ANC deputy secretary-general (SG) Jessie Duarte said that the governing party needed to speak with one voice and that factionalism would not be tolerated. Duarte was delivering the outcome of the party’s three-day national executive committee (NEC) meeting, that saw secretary-general Ace Magashule suspended.
She said that the step-aside rule was not aimed at Magashule, but all those facing charges. “It was never only about him. There are many others in provinces and another NEC member who will be temporarily suspended.”
Magashule was suspended after being charged in connection with an asbestos roofing contract in the Free State. His suspension has led to factions rising in defiance to support him.
Duarte said that the NEC condemned factionalism and the groups that were causing a division in the party. She singled out one faction for sowing division.
“We express concern about a concerted and well-resourced campaign to sow division and confusion in the ANC and, in this regard, we’re referring very specifically to General [Mojo] Motau and RET [radical economic transformation] forces, which is just a faction raising its head in the ANC throughout the country.”
Motau had assembled Umkhonto weSizwe veterans who called for the entire NEC to resign.
“None of us in this ANC acts on our own. We take our mandate from the national working committee, the NEC of the ANC, so none of us can act independently,” she said.
Duarte explained that Magashule’s suspension was temporary. However, she would be carrying out his duties while he was suspended. She reiterated that she was still the deputy secretary-general and was not in any way taking Magashule’s position while he served his suspension.
Duarte said she felt she had to make it clear because of a “disempowering” narrative that she was taking over.
“I want to make it very clear: I am not the secretary-general of the ANC, nor am I the acting secretary-general of the ANC. I am the deputy secretary-general of the ANC, carrying out the functions as prescribed in rule 16.9 of the clause of the ANC constitution. The SG is temporarily suspended until the matter of his court case comes to finality. I hope we all understand that.”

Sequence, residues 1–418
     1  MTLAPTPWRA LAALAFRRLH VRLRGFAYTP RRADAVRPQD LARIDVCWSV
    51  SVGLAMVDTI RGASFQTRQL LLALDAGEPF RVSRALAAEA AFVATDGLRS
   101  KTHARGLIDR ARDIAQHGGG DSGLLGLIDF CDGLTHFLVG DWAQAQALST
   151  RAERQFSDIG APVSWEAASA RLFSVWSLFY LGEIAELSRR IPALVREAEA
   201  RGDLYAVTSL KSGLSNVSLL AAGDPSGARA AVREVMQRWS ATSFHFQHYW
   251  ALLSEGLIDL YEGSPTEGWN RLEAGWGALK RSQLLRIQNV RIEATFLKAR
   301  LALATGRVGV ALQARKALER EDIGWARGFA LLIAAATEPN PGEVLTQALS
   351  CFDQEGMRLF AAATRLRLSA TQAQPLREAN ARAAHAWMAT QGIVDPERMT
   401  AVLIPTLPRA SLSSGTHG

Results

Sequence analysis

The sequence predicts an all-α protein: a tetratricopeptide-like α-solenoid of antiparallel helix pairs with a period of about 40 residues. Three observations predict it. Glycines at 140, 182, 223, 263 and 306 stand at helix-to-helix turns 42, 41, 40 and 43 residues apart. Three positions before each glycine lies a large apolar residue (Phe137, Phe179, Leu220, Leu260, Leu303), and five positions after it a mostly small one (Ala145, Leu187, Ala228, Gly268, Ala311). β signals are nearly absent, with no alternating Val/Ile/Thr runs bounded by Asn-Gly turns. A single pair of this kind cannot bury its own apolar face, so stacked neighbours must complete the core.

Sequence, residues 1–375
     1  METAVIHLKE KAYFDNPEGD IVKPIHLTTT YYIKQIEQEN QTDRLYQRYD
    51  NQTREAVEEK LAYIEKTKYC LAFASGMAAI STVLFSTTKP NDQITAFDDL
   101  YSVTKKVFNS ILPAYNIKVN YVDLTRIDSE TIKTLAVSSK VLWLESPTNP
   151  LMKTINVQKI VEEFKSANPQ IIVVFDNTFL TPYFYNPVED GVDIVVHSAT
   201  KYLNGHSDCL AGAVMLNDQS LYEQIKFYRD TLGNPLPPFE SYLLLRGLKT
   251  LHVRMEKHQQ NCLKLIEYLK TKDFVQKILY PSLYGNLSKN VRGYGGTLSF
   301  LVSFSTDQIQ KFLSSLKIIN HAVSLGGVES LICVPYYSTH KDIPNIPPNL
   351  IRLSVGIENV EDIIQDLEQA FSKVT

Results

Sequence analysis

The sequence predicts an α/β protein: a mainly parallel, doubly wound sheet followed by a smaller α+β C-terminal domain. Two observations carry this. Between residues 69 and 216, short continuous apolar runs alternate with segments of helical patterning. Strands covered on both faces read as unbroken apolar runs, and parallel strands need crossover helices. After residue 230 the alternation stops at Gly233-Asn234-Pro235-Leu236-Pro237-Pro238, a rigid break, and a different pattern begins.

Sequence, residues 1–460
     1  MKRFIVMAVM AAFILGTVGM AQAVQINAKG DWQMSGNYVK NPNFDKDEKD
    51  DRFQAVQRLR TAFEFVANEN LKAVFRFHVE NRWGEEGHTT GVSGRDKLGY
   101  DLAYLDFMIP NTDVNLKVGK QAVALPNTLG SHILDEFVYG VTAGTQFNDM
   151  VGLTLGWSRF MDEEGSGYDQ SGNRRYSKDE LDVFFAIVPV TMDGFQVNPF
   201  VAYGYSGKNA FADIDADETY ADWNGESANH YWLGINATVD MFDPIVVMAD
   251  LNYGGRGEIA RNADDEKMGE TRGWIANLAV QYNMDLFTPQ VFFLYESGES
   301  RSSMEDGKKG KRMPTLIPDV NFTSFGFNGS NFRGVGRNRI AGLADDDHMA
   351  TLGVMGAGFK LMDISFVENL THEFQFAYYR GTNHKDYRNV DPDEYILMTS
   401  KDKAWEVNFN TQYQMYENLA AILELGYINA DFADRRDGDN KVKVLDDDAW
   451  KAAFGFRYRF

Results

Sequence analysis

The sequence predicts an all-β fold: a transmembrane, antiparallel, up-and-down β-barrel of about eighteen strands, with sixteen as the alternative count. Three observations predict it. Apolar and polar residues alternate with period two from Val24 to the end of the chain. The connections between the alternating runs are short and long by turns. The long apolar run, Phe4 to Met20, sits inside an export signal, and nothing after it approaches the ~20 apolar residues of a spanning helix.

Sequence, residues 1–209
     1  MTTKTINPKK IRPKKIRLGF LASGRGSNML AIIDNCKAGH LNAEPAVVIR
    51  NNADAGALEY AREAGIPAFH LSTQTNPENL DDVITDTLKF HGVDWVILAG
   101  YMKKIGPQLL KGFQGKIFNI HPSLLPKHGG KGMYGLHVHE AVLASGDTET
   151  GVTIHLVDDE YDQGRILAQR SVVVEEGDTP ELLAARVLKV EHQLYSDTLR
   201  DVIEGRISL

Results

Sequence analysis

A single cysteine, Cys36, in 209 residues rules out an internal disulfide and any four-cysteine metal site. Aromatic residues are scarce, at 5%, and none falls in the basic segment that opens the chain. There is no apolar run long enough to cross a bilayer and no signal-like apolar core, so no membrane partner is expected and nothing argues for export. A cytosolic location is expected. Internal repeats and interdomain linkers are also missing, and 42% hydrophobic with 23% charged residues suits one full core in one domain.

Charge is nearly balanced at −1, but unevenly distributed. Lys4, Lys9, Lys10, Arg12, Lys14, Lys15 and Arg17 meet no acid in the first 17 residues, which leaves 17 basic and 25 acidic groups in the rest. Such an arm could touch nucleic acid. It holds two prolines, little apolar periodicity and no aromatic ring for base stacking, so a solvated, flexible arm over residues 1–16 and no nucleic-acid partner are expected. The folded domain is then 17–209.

She said Magashule’s issuing of a letter of suspension to the president was unacceptable. “We have been instructed to request the SG to apologise publicly to ANC structures and members by the end of the week. We’re confident the SG will rise to the occasion and that he will follow the dictates of the ANC.”
Duarte said Magashule’s letter caused a division and many people called to ask if the president was still in office, following the letter that had circulated on social media last week.
Duarte said Magashule’s suspension would be “reviewed from time to time” and that the length of it was subject to the court case he faced.
On Monday, party president Cyril Ramaphosa said the NEC had instructed the suspended Magashule to apologise publicly to ANC structures for the suspension letter Magashule had addressed to Ramaphosa the previous week.
“If Magashule fails to apologise timeously, he could face further censure by the party’s disciplinary structure,” Ramaphosa said.
He said the NEC noted that Magashule had no power or mandate from the party’s highest decision-making body to pen such a letter, and made it clear that Magashule remained suspended from the party while his Free State asbestos audit corruption case was being heard in court.